Syncope definition and causes

Syncope definition and causes

What is Syncope and Definition

Syncope is the temporary loss of CONSCIOUSNESS and posture, commonly called fainting. Syncope is common and can arise from numerous causes ranging from standing too long, which allows BLOOD to pool in the legs, to ARRHYTHMIA and TRANSIENT ISCHEMIC ATTACK (TIA), which interrupt the flow of blood to the BRAIN. About 10 percent of syncope episodes are the result of cardiovascular events such as arrhythmias, MYOCARDIAL INFARCTION, MICROINFARCTION, HYPOTENSION, and TIA.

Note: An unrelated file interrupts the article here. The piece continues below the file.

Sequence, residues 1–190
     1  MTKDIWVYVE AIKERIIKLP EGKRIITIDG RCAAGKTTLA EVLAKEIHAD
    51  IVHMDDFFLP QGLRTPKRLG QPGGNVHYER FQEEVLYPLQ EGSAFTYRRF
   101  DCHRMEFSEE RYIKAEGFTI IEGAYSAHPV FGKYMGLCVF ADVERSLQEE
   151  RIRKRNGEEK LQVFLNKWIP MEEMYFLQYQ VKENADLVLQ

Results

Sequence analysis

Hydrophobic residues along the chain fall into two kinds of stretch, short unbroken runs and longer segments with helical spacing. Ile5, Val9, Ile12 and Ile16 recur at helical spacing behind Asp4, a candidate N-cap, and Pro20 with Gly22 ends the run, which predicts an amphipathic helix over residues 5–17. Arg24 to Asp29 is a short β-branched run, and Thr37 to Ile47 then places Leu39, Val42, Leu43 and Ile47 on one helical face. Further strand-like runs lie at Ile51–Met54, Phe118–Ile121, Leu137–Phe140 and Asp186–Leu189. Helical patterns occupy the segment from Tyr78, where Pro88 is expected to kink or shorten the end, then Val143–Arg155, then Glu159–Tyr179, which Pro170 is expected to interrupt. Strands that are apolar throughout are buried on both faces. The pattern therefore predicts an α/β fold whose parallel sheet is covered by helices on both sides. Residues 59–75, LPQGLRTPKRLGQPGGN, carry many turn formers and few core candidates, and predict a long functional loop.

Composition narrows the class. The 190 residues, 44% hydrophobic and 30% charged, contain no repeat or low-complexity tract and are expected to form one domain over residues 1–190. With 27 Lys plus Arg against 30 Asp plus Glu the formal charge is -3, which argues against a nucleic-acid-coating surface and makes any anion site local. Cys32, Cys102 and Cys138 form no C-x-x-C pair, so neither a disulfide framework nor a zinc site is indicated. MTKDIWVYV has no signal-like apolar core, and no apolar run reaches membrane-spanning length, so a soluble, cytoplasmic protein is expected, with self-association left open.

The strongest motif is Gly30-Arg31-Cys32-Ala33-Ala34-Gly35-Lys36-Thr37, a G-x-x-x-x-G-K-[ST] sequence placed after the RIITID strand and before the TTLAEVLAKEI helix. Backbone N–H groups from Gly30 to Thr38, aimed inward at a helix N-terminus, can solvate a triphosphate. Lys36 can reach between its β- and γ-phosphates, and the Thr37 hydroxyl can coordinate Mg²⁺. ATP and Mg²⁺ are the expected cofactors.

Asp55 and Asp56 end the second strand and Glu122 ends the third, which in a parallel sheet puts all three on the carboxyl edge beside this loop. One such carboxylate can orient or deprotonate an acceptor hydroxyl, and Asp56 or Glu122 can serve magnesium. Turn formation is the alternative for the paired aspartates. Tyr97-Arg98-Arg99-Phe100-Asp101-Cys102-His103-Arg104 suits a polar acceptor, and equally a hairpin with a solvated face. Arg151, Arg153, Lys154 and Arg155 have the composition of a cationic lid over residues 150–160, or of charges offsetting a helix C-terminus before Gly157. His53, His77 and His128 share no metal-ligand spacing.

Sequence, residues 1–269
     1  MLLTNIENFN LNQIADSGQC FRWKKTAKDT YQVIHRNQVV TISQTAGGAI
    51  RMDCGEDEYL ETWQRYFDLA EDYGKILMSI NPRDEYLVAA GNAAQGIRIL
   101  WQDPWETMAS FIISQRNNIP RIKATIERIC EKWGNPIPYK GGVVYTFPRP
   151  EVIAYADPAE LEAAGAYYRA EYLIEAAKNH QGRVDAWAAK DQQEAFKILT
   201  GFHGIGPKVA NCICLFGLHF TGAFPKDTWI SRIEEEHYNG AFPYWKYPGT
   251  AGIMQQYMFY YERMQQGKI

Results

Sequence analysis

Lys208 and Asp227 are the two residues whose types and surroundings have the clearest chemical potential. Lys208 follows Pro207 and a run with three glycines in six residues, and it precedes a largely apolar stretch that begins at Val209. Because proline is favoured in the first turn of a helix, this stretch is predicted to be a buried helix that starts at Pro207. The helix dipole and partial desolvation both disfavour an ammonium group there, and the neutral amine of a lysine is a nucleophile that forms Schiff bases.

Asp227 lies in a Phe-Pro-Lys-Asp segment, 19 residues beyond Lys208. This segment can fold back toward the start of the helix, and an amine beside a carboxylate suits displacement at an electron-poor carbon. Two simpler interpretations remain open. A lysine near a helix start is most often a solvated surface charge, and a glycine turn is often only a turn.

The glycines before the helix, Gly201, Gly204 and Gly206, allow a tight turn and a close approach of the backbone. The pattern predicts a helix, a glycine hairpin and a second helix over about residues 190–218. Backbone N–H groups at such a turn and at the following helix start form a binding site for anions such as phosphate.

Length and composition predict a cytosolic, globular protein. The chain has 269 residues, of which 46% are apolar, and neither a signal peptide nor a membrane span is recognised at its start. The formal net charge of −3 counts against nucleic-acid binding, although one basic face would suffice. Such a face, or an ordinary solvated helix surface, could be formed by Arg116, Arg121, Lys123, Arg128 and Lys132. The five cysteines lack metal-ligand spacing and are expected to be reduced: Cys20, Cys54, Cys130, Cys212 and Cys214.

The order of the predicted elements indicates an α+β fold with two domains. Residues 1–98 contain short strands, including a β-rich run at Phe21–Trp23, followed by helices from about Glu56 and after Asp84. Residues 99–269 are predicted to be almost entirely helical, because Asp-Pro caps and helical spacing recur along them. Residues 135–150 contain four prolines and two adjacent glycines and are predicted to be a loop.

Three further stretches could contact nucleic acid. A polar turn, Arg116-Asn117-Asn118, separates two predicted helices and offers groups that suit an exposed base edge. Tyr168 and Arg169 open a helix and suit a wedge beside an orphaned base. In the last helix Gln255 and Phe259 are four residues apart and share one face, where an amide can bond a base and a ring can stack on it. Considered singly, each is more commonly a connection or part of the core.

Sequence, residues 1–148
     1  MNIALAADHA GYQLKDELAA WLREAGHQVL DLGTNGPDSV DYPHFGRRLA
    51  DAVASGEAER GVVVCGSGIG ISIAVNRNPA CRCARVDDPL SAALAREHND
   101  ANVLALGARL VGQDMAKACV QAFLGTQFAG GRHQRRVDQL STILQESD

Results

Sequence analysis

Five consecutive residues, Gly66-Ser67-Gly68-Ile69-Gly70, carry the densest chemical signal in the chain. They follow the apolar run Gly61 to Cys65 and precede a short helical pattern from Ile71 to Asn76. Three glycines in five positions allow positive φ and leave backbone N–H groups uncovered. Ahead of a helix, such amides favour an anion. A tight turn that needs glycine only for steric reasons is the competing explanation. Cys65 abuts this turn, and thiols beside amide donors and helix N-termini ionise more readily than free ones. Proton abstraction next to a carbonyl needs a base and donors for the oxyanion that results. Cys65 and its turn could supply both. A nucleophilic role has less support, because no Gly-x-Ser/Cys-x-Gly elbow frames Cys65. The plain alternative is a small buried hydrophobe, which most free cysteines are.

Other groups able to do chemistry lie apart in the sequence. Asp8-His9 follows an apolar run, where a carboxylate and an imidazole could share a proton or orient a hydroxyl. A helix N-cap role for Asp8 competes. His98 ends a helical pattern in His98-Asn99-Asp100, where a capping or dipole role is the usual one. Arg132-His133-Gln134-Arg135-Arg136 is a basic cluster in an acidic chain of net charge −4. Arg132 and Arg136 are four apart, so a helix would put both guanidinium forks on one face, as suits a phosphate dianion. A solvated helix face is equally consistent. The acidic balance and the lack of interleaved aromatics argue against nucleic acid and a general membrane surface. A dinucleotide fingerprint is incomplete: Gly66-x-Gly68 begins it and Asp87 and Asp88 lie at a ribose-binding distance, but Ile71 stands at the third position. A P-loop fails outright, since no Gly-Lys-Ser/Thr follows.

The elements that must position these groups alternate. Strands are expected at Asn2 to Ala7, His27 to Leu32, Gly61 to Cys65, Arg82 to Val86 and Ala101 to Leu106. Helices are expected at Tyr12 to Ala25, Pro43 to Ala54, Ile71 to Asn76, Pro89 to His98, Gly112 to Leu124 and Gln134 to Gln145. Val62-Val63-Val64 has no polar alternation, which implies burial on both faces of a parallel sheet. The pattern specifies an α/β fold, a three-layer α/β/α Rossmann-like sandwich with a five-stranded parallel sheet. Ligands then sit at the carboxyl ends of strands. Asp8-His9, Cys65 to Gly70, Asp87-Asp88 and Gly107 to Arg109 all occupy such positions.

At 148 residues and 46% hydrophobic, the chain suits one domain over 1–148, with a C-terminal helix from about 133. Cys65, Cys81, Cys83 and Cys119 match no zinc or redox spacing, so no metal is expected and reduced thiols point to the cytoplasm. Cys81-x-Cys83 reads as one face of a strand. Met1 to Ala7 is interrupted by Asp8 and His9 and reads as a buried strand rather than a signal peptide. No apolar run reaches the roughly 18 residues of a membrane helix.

Any episode of syncope in a person who has a history of HEART ATTACK, STROKE, ARRHYTHMIA, or other known CARDIOVASCULAR DISEASE (CVD) requires immediate medical evaluation.

Causes of Syncope

Other causes of syncope include neurologic events (such as vasovagal response), medication side effects, heat, DEHYDRATION, fear, FEVER, and PREGNANCY. Most people regain consciousness within a few seconds to three minutes. Syncope may be an isolated event or a symptom of underlying health concerns. A doctor should evaluate recurrent episodes of syncope. Such an evaluation typically includes a NEUROLOGIC EXAMINATION and an ELECTROCARDIOGRAM (ECG).


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